Care for those
who need it most
Giving hope to those with brain and spinal cord injuries
For patients with debilitating brain and spinal cord injuries, early access to advanced rehabilitation is critical to recovery. It’s also hard to get. Currently, the wait to be transferred to an inpatient rehab facility is between two weeks to a month.
With your support, we will provide these patients with early access to innovative treatments and state-of-the-art technology – getting them the care they need when they need it the most.
Adding a state-of-the-art Neuro Rehabilitation Innovation Centre at the University of Alberta Hospital will give patients with potentially debilitating neurologic conditions timely access to intensive rehab treatments and improve their chances for a full recovery.
The new Centre will also make the University of Alberta Hospital one of the very few acute care settings in North America to offer advanced rehabilitation to its brain and spinal cord patients.
This rare opportunity for patients, doctors, nurses, allied health staff and researchers to work side-by-side in real time will close the gap between knowledge and patient care while at the same time, provide opportunities for exciting new discoveries.
Early access to proven innovative therapies significantly improves patient care and expectations for recovery. Streamlining the path to rehab will reduce length-of-stay and make beds available sooner for incoming patients.
Neuro researchers at the University of Alberta Hospital will have greater opportunity to transform the world of brain and spinal cord rehabilitation by increasing research productivity, grants funded, and published work, allowing the University of Alberta Hospital to be leaders in creating evidence for new and upcoming therapies.
It Was Just Another Day Until It Wasn’t
The official cause of Bill Stephenson’s plane crash was engine failure after takeoff.
Flown by air ambulance from the crash site at the Wetaskiwin airport to the University of Alberta Hospital (UAH), Bill underwent several hours of surgery on his shattered spine. He also had 12 broken ribs.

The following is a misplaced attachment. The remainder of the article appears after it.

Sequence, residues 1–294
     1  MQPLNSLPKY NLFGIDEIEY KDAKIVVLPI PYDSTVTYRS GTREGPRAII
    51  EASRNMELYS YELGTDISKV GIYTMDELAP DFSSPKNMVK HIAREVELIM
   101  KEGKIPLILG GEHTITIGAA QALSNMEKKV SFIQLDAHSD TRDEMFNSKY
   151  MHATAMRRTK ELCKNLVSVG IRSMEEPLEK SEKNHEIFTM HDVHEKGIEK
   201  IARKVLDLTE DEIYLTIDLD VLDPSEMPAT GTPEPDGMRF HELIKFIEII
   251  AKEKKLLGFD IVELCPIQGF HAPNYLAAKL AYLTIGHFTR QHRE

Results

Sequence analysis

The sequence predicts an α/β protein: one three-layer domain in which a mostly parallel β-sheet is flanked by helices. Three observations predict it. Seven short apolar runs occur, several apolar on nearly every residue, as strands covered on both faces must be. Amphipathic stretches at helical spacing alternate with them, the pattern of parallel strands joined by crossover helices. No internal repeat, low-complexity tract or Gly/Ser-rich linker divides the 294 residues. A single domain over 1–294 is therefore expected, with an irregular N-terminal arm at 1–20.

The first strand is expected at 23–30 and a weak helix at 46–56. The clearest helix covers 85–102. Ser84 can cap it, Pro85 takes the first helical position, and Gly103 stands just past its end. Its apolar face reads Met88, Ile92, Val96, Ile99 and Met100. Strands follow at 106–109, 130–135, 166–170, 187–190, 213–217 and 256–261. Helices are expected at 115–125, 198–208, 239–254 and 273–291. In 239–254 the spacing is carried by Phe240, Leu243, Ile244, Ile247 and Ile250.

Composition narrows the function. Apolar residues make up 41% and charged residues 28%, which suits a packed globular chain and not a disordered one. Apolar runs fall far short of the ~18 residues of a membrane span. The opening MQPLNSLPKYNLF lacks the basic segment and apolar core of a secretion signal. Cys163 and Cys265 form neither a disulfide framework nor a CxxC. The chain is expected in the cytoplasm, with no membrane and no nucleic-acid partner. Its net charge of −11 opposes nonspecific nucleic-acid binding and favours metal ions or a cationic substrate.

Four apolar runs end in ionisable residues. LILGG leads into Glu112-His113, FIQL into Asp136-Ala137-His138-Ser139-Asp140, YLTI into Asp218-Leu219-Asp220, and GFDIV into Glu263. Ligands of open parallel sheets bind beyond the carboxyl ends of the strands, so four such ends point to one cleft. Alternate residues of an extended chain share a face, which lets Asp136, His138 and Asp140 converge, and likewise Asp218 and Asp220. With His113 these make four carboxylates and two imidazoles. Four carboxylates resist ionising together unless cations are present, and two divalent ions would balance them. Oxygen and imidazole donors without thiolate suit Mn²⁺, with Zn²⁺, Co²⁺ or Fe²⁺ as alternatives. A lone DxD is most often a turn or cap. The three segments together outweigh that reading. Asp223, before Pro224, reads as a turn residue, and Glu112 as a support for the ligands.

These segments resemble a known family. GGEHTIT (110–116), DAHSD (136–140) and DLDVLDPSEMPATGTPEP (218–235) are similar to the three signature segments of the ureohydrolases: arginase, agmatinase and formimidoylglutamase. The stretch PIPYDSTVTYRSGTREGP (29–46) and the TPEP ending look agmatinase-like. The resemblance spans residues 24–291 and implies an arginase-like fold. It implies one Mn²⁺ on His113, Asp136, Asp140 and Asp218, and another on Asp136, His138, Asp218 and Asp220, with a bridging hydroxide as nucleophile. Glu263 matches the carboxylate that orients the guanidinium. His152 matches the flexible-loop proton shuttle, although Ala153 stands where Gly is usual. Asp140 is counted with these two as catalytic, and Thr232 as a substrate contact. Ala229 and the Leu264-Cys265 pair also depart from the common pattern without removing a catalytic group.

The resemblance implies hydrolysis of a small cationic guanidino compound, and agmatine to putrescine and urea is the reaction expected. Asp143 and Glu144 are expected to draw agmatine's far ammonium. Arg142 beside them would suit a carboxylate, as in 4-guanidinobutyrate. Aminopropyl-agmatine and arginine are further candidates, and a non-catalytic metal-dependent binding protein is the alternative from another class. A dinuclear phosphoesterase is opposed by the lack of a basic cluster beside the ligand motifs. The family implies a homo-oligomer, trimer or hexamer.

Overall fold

A few days later, he had a talk with his physician. “I asked him, ‘In your experience with this extent of injury, have you seen anyone walk from it?’ And he just shook his head”.
But Bill did not accept his physician’s prognosis as final. “I’m a very active person. I have my own gym in the house. I’m a portrait artist. I play piano and flute. I fly airplanes. I have a farm. So yeah. When they offered me rehabilitation, I took it.”
Dr. Chester Ho, a physiatrist at the UAH who specializes in rehabilitation after neurologic injuries, saw potential in Bill immediately after his initial evaluation in the intensive care unit. “We identified him as someone who could recover with the right rehabilitation.”
Fortunately, Dr. Ho and his team had the equipment and technology needed to put Bill back on his feet again. That’s not always the case.
For patients with debilitating brain and spinal cord injuries, early access to advanced rehabilitation is critical to recovery.
Currently, the wait is between 15-25 days. A new, state-of-the-art Neuro Rehabilitation Innovation Centre at the UAH will provide patients with convenient and early access to innovative treatments and state-of-the-art technology.